Volume 2, Issue 5
  • ISSN: 0002-9637
  • E-ISSN: 1476-1645



The acquisition of liver specimens for histopathologic examination from monkeys during the activity of the current epizoötic of yellow fever in Costa Rica has demonstrated that the progress of a wave of the sylvan (jungle) form of the disease can be traced in this manner as well as by similar studies on human fatalities. Out of 35 specimens obtained in Costa Rica, 24 are considered to exhibit the typical liver lesion. It was possible to secure satisfactory specimens in only about 10 per cent of the investigations of the reports of the presence of dead monkeys in the localities involved. An analysis of this experience will be applied to the formulation of a project designed to attempt to check the movement of the wave in the vicinity of La Ceiba, Honduras, in order to prevent involvement of northern Guatemala and Yucatan.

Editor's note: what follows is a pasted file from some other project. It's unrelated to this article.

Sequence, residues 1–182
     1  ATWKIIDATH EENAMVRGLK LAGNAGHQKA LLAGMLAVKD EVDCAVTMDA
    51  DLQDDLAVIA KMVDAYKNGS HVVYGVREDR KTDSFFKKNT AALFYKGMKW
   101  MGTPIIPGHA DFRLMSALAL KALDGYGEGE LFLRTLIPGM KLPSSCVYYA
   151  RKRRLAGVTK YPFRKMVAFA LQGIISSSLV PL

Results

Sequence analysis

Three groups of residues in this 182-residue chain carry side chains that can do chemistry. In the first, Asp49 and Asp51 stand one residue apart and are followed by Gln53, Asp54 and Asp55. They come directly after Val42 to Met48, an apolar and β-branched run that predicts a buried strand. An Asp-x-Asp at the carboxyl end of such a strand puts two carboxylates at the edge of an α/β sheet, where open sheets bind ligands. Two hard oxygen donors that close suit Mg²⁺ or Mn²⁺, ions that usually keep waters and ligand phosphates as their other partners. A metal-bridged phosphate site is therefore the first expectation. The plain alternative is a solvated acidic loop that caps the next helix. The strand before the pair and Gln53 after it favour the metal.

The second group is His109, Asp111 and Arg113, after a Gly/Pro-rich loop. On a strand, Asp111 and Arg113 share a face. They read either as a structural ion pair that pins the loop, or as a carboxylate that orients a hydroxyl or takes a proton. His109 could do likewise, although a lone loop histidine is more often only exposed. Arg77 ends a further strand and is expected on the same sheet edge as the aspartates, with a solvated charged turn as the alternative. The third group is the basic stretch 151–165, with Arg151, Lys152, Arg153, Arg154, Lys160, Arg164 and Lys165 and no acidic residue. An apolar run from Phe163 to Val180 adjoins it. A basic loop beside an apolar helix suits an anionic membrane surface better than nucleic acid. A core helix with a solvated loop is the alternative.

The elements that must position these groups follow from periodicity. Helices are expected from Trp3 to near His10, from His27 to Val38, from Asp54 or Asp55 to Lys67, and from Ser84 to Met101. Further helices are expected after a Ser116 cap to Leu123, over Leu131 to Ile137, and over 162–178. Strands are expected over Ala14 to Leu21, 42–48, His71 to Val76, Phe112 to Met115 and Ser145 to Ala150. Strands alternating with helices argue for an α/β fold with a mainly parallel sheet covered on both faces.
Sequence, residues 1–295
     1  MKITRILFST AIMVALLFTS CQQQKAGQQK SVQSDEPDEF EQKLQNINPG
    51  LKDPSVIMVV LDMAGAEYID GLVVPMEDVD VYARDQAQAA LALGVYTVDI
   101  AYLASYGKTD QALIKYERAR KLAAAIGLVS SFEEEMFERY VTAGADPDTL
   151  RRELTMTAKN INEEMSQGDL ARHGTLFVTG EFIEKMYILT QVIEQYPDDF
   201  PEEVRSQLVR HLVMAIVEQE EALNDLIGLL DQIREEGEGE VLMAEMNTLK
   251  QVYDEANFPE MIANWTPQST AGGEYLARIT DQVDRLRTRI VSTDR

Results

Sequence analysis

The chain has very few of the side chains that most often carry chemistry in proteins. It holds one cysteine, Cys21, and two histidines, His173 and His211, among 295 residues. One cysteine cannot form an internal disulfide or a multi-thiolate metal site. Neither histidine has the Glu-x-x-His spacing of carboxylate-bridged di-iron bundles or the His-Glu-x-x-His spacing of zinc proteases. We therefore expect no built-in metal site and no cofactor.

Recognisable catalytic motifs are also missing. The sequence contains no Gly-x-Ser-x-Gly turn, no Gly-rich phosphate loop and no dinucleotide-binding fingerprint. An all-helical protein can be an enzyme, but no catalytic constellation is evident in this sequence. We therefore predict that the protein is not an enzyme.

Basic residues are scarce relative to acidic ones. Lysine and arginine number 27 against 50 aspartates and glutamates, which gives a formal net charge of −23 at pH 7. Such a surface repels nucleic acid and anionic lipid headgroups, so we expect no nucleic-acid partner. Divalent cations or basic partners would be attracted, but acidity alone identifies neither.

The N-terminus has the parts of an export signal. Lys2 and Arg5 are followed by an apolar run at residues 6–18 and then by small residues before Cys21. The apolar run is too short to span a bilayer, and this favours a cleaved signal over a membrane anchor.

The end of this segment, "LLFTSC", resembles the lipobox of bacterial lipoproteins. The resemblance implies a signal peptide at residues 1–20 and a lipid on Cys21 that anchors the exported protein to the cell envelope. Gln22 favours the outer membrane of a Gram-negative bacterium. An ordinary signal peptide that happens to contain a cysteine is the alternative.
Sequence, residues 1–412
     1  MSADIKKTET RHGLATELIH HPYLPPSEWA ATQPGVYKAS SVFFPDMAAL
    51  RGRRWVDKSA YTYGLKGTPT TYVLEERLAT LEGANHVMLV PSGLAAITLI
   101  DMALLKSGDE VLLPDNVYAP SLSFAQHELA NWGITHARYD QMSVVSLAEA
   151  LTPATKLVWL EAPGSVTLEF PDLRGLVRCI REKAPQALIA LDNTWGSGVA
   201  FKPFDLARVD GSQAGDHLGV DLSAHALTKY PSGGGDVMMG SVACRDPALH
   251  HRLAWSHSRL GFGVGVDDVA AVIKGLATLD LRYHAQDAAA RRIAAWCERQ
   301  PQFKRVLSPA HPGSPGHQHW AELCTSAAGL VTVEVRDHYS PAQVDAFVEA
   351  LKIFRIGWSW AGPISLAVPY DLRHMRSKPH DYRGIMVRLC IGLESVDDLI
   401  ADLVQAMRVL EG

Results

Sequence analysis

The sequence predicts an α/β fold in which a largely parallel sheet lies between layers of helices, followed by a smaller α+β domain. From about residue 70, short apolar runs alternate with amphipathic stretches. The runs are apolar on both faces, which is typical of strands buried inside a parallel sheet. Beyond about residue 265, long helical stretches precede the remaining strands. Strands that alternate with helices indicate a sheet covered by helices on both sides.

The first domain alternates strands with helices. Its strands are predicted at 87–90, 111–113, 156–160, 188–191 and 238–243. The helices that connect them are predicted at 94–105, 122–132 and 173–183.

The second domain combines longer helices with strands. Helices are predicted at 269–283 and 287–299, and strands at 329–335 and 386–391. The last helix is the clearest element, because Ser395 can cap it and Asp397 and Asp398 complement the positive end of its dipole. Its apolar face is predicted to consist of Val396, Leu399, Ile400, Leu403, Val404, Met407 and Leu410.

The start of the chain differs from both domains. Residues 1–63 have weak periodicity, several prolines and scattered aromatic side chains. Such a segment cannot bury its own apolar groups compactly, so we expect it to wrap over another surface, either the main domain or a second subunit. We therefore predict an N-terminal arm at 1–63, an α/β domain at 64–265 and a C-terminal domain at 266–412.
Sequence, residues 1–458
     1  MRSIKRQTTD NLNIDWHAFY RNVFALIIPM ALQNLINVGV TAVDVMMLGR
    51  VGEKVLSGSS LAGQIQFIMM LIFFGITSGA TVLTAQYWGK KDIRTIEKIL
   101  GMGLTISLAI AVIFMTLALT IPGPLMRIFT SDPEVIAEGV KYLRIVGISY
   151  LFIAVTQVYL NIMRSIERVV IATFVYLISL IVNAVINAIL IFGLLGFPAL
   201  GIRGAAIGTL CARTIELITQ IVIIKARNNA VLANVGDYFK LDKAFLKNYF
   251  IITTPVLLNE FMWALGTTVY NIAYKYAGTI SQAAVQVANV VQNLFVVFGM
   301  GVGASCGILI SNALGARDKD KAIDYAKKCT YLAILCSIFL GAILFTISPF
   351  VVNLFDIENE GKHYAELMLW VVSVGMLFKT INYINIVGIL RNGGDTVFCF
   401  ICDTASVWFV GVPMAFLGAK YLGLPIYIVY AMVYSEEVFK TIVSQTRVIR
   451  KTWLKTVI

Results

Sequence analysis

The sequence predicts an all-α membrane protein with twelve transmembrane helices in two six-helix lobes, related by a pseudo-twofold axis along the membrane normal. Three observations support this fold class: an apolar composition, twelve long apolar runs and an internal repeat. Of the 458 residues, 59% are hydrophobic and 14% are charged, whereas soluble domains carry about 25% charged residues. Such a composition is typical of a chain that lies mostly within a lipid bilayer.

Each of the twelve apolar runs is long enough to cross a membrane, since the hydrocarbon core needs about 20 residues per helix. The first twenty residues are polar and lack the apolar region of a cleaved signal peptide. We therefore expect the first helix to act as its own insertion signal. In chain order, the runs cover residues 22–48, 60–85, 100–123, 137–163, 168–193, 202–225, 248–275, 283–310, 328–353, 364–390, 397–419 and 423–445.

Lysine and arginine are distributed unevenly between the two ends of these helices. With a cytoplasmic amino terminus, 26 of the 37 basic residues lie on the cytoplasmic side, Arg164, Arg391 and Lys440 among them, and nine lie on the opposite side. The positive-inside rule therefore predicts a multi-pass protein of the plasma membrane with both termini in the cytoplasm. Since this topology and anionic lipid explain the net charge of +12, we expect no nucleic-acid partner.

The histopathologic features of yellow fever in the livers and kidneys of the arboreal primates closely parallel those found in man. The Councilman necrosis in the liver, as well as the heme casts, basophilic concretions and colloid material (“lime casts”) in the kidney tubules are highly resistant to postmortem autolysis. Intranuclear acidophilic inclusions (Torres bodies) were found in a large percentage of the monkey livers, and an evaluation of their diagnostic significance is now in progress.


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